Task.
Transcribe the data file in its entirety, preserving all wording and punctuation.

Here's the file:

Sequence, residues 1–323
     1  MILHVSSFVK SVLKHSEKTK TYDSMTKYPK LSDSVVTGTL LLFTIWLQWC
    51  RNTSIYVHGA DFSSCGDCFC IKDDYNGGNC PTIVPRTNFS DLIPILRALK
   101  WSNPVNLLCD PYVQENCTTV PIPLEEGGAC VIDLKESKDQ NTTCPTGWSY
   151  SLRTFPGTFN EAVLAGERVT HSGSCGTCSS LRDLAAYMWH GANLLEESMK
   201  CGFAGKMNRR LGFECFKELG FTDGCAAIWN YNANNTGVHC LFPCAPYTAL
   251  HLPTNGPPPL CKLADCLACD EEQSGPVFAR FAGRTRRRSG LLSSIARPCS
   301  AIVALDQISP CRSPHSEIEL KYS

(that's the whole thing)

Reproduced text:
Sequence, residues 1–323
     1  MILHVSSFVK SVLKHSEKTK TYDSMTKYPK LSDSVVTGTL LLFTIWLQWC
    51  RNTSIYVHGA DFSSCGDCFC IKDDYNGGNC PTIVPRTNFS DLIPILRALK
   101  WSNPVNLLCD PYVQENCTTV PIPLEEGGAC VIDLKESKDQ NTTCPTGWSY
   151  SLRTFPGTFN EAVLAGERVT HSGSCGTCSS LRDLAAYMWH GANLLEESMK
   201  CGFAGKMNRR LGFECFKELG FTDGCAAIWN YNANNTGVHC LFPCAPYTAL
   251  HLPTNGPPPL CKLADCLACD EEQSGPVFAR FAGRTRRRSG LLSSIARPCS
   301  AIVALDQISP CRSPHSEIEL KYS